Pakistan projected to be sixth-largest economy by 2075

By Staff Reporter | Brecorder Dec 8, 2022

A research paper published by Goldman Sachs on Tuesday projected Pakistan to be the sixth largest economy in the world by 2075 given “appropriate policies and institutions” are in place.

Authored by economists Kevin Daly and Tadas Gedminas and titled ‘The Path to 2075’, the paper projected that the five largest economies by 2075 will be China, India, the US, Indonesia and Nigeria.

Goldman Sachs has been projecting long-term growth of countries for almost two decades now, initially starting out with BRICs economies, but for the past 10 years they have expanded those projections to cover 70 emerging and developed economies.

Their latest paper covers 104 countries with projections going as far as 2075.

Pakistan’s star future status is predicted on the back of its population growth, which along with Egypt and Nigeria, could place it among the largest economies in the world in the next 50 years, according to Goldman Sachs.

By that time, the research projects Pakistan’s Real GDP to have grown to $12.7 trillion and its GDP per capita to $27,100.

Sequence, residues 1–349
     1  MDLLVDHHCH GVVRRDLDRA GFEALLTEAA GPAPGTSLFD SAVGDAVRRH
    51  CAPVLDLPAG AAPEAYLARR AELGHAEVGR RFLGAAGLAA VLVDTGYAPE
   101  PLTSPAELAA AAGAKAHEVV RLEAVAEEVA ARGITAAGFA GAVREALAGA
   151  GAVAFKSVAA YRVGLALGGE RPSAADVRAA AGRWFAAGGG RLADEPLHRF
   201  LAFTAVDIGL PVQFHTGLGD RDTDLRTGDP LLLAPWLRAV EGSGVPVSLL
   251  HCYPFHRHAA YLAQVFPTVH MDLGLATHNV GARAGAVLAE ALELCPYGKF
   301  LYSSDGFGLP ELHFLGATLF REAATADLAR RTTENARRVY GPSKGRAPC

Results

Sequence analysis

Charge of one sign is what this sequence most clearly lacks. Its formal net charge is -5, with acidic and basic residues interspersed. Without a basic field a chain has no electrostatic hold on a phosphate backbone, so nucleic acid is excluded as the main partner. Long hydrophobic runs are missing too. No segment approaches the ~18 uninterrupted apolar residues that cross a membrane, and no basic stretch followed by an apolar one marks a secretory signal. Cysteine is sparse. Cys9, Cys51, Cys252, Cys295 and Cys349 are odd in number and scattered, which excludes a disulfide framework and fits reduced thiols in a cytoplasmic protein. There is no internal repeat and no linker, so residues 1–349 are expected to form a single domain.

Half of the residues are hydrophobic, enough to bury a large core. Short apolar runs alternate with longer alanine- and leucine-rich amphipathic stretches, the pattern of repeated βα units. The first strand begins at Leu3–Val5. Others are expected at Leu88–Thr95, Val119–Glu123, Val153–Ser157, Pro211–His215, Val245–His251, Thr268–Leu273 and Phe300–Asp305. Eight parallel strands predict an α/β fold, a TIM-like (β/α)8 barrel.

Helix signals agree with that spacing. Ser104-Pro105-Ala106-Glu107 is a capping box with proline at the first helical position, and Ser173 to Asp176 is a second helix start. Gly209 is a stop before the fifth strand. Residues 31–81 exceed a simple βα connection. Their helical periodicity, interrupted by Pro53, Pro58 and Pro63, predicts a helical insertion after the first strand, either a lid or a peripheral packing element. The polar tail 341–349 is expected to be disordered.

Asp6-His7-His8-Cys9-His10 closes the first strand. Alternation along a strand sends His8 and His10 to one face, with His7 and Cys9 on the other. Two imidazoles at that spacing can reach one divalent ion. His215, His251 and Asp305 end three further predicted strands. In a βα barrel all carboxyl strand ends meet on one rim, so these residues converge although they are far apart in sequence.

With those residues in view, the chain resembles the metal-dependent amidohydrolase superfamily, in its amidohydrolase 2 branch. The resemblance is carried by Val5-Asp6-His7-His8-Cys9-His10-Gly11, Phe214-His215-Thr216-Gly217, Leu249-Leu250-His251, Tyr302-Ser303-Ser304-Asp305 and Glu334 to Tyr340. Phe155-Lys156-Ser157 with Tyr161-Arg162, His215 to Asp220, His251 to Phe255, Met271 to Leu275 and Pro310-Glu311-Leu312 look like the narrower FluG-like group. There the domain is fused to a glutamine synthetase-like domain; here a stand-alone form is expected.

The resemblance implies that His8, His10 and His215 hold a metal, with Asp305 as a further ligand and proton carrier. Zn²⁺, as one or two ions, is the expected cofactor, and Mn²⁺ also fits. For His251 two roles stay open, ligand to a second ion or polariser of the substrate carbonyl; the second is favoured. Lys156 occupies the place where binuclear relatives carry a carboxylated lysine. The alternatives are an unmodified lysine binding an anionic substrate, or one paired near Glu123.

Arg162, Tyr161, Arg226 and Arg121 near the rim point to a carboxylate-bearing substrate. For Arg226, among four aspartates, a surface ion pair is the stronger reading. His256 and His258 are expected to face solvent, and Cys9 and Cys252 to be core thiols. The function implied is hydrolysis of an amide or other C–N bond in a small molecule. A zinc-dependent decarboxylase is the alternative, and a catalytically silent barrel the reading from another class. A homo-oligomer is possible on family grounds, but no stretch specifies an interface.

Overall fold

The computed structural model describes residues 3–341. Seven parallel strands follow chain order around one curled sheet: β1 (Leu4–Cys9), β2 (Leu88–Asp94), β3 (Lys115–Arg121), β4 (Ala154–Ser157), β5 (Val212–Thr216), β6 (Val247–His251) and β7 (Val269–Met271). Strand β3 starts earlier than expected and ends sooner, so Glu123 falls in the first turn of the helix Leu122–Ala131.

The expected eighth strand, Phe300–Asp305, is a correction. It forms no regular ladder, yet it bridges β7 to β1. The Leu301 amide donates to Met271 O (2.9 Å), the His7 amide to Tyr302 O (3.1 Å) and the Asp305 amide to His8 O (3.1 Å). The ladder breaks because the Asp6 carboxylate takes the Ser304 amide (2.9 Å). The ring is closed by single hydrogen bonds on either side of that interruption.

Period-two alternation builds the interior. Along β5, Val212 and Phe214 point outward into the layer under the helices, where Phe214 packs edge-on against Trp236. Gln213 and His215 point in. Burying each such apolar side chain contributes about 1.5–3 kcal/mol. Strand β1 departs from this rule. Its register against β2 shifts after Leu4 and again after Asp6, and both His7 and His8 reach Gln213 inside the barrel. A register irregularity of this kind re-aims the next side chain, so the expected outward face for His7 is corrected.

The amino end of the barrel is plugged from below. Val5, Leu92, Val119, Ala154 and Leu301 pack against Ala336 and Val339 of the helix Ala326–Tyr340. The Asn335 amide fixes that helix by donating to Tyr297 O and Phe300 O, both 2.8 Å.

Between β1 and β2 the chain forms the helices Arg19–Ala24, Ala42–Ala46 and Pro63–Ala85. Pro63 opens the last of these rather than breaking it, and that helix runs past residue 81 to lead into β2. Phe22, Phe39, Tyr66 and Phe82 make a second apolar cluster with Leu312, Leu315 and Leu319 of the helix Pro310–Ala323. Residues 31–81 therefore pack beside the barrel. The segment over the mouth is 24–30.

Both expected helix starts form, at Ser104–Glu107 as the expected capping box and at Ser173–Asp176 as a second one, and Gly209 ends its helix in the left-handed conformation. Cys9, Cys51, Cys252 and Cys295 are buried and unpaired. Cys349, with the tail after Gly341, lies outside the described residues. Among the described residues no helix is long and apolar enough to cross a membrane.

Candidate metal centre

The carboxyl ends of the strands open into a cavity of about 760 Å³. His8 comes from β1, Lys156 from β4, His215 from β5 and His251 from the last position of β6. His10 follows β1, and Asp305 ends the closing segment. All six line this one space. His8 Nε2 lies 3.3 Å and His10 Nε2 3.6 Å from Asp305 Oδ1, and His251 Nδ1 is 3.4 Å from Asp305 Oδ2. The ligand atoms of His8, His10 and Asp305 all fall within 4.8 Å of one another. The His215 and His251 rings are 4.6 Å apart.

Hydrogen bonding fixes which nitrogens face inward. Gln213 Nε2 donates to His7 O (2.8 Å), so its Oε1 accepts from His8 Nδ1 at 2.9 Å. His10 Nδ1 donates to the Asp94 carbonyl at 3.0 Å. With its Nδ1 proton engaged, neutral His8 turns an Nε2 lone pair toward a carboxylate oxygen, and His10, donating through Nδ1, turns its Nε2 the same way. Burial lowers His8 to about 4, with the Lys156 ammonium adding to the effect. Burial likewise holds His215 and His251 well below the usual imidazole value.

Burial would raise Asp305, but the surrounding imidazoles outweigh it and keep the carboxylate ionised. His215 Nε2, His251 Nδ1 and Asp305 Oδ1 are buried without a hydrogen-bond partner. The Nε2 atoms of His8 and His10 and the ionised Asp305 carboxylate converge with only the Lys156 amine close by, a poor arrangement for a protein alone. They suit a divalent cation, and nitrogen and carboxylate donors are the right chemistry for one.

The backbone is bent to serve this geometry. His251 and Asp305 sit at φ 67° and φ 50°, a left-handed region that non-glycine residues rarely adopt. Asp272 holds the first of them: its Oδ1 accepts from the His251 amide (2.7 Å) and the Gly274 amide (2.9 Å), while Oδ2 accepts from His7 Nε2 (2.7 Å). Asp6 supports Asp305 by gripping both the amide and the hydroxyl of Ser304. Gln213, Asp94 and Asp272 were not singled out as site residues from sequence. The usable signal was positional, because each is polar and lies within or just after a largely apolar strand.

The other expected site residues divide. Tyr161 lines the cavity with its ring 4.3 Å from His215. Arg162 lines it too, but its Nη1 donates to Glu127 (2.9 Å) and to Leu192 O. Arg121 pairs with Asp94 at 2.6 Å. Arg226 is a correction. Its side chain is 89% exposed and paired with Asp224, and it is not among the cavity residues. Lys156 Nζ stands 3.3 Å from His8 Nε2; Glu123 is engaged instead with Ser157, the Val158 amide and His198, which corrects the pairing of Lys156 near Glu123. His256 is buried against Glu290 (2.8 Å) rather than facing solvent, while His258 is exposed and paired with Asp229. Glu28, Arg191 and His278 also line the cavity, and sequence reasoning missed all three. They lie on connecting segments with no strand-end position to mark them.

These numbers, however, are projected to be less than a third of the size of China, India and the US. India’s Real GDP in 2075 is projected at $52.5 trillion and per capita GDP at $31,300.

Among key risks to their projections, the economists particularly highlight “environmental catastrophe” and “populist nationalism”.

Unless a path to sustainable growth is ensured through a globally coordinated response, climate change could heavily skew these projections, particularly for countries like Pakistan, with geographies that are especially vulnerable.

With populist nationalists coming to power in many countries, the report says it might lead to increased protectionism that could potentially result in the reversal of globalisation, thereby increasing income inequality across countries.

Other key projections

Global growth on a declining path. The paper notes that global growth has slowed from an average of 3.6 per cent per year in the past 10 years to 3.2pc, and the slowdown has been relatively broad-based.

They project global growth will average 2.8pc between 2024 and 2029 and will be on a gradually declining path.

The rise of emerging markets

While global growth is dipping, emerging economies are growing faster than developed markets and will continue to converge with them.

“The weight of global GDP will shift (even) more towards Asia over the next 30 years nations as China, the US, India, Indonesia and Germany top the league table of largest economies when measured in dollars. Nigeria, Pakistan and Egypt could also be among the biggest.”

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